When asking around at work what are the interesting things to do, the bridge climb came up a number of times. Having walked across the Golden Gate Bridge, I’ve often wondered what it would be like to actually be one of the guys who works on the bridge. I won’t say that I’m afraid of heights, but I’m not exactly cavalier in high places either.
My time is winding down in Sydney, so if I’m going to do it, I need to seize the day. A number of people remarked how expensive the bridge climb is. Looking on their website, I can see that it’s not cheap. Much like long-distance, but based on the time of day. Dawn was the most expensive at $348 whereas night was the cheapest at $198. I wanted to see the city at night as you could see the twinkling city lights all around.
Once I had my reservation in, I didn’t think about going up much. As the day got closer, a number of people reminded me how high in the air I would be. As I hopped on the bike to head over the butterflies in my stomach were definitely rolling around.
So what exactly have a signed myself up for? The Sydney Harbour Bridge connects the Sydney CBD (central business district, a.k.a. downtown) with North Sydney over a narrow part of Sydney Harbour. The bridge takes about 20 minutes to walk across, so I’m guessing it’s just over a mile wide. The bridge climb walks across the outer edge of the bridge to the summit, 134 m (440 feet) above the water’s surface below. In other words:
When I got to the starting point, we were greeted by our instructor who led our group to the top of the bridge. We all had to wear jumpsuits which contained anything that might fall from our persons down onto the roadway or into the water. Likewise, we were unable to bring anything with us. Cameras, cell phones, jewelry all had to stay at the bottom of the bridge. We had about 10 people in our group. Some were from Australia, many from Europe, in a few Americans. Eric, who worked for United Airlines, was based in San Francisco and here on holiday. Talk about finding the neighbor on the other side of the world.
Once who are strapped into our harnesses, they had a small version of the climb that contained all of the major elements we have to navigate through: ladders, tight spaces, and managing our connection with the bridge. Our harnesses had a small hook that stayed in contact with the cable the whole time we were out on the bridge. In theory, if we fell off we’d only fall 2 to 3 feet and we’d be caught by the cable before falling to the roadway or harbor below.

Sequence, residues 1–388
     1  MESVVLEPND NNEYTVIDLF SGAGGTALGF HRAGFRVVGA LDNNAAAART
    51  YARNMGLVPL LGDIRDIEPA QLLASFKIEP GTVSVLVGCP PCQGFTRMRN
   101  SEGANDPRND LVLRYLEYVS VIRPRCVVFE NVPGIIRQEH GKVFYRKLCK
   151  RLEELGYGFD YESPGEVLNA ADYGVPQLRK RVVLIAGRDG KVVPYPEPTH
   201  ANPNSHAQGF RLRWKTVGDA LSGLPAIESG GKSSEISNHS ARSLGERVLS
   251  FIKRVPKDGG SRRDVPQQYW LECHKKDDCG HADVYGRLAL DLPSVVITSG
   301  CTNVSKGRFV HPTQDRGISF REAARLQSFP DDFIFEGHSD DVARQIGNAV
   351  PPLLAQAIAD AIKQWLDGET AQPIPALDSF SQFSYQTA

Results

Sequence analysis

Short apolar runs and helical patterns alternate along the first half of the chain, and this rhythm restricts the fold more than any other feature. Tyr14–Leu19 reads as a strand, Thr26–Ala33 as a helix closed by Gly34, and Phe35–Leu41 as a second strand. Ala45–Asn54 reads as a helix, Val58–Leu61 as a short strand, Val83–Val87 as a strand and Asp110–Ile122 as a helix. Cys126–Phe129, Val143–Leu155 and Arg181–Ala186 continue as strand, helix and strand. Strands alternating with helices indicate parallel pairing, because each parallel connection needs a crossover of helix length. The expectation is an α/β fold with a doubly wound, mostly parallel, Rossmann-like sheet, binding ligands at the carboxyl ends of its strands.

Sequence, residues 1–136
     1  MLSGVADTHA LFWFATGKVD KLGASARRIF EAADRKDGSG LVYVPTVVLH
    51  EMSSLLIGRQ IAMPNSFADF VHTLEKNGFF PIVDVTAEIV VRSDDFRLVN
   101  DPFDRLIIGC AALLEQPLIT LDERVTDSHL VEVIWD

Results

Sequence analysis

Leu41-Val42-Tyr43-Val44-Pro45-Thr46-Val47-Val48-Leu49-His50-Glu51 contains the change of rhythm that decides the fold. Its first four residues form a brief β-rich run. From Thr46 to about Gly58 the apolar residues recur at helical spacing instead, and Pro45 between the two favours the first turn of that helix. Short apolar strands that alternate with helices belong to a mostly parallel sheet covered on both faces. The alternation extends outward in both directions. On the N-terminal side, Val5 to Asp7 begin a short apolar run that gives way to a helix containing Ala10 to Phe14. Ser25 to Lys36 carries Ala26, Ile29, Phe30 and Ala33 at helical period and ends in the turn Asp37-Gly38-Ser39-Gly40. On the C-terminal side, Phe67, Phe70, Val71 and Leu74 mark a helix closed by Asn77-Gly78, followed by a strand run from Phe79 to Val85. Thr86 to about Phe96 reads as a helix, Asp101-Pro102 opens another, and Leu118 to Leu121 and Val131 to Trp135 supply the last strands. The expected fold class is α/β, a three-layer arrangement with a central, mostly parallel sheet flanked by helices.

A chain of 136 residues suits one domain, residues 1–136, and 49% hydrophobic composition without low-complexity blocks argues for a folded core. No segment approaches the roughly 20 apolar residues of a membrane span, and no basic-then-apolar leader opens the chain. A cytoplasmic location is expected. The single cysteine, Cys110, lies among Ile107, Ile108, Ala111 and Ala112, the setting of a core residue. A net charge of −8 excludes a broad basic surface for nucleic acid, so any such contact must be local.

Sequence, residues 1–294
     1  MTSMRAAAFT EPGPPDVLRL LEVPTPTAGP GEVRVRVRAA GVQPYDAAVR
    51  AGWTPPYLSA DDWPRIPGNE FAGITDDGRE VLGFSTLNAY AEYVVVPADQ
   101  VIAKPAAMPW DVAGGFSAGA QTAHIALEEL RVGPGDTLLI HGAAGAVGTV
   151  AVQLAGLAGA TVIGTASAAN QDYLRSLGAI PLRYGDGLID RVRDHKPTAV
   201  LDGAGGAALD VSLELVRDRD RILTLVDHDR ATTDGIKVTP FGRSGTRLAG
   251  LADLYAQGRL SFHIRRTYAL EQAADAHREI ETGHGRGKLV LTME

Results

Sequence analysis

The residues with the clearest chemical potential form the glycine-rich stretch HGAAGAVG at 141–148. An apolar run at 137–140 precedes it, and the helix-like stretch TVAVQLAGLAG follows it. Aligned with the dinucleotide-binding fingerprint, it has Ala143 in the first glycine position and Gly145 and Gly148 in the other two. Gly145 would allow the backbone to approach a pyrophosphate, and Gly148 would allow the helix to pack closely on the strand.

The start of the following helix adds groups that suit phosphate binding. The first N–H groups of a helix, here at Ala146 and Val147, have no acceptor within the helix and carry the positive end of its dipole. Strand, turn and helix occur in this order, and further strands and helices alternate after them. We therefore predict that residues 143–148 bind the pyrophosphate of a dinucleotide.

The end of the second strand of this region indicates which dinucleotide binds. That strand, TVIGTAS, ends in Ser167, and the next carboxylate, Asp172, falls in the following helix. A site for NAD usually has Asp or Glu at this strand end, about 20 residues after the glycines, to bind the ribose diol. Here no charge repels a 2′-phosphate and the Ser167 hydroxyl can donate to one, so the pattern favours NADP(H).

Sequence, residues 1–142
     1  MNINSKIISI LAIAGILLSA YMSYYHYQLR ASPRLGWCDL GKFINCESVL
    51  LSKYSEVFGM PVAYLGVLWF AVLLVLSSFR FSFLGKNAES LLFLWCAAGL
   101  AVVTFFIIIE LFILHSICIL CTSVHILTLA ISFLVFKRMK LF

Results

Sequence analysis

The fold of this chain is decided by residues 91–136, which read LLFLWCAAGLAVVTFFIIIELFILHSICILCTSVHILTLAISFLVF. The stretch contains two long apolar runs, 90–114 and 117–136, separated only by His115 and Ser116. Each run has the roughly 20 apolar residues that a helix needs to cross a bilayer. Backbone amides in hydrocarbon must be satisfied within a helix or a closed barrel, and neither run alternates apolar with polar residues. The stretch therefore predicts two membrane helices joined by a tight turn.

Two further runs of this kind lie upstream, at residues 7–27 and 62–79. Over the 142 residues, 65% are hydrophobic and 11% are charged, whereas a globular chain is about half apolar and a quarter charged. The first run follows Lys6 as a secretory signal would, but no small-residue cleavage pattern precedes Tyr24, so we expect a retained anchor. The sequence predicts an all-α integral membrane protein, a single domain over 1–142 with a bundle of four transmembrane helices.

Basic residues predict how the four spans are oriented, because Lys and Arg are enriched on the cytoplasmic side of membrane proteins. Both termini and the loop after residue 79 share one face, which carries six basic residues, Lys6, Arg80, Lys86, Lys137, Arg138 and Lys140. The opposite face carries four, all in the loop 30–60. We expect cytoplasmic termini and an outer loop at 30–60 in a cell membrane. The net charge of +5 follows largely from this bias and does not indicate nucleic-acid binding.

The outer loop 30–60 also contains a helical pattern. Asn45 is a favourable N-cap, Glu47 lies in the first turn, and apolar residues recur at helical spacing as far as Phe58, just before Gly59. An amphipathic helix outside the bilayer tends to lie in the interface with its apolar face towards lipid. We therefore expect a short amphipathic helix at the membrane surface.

The adrenaline was fully pumping in my blood when I slipped my hook onto the cable committing myself to doing the climb. I was first in the group, behind our instructor as we headed off to climb. The first part of the bridge was fairly easy. We were on solid walkways as the BridgeClimb offices were built into the bridge itself.
A little further out, the solid walkway turned into a steel grate where we could see the harbor, some 33 m (100 feet) below. At this point the instructor told us a number of stories about people who had fallen off of the bridge and tumbled to their death or major dismemberment below. I have to admit, I wasn’t exactly feeling comfortable and decidedly trusting the technology that was supposedly keeping me safe.
Next, we navigated agents ages one a series of ladders inside of the pylon. Other than being tight, this part of the climb is fairly easy. The inside of the pylon hides the height from you, so it’s just a matter of climbing the ladder. Thankfully, tight spaces don’t bother me so I appreciated the respite on the climb.
Once on top of the pylon, we were to walk across the arc of the bridge. The steel grate from before were now solid, opaque steel steps that were much easier to walk on. The view is simply stunning. The fact that I didn’t have my camera hurt. In a lot of ways, it was like riding a motorcycle. You had a 360° view of a truly epic place. It was just about sunset as we stepped on to the main part of the bridge leaving plenty of light to soak in the experience.
At this point in the climb, I was cruising. The bridge felt solid and I was totally enthused with the climb up. As the light waned, the city’s light filled in the gap and it was a spectacular view of everything below. When we got to the top, the height didn’t even bother me. It was cool being up at the top of the bridge seeing the giant Australian flag wave in the night. We had enough wind to flatter the flag but not so much that it made the climb difficult.
Our instructor told us a story that brought us back to the mid-1800s. Sydney Harbour is actually a very difficult harbor to navigate by boat. The Australian coastline is littered with shallow reefs that many ships have crashed and sunken due to poor navigation. This particular ship had many hundreds of people on it and only one survived. One of the townspeople apparently had a vivid dream the same night the ship crashed. Her persistence in looking for the ship saved the one life that survived the actual crash.
By the time we were walking down, I was fearless. It was an easy stroll on top of the world with beauty all around me. The evening’s chill was wrapping around all of us indicating autumn’s touch in Sydney.
Would I recommend it? Wholeheartedly! The thing I can’t figure out is that the night tour gives a unique and awesome perspective of the city. Why is it the cheapest tour of all? Either way, I’m a happy customer!
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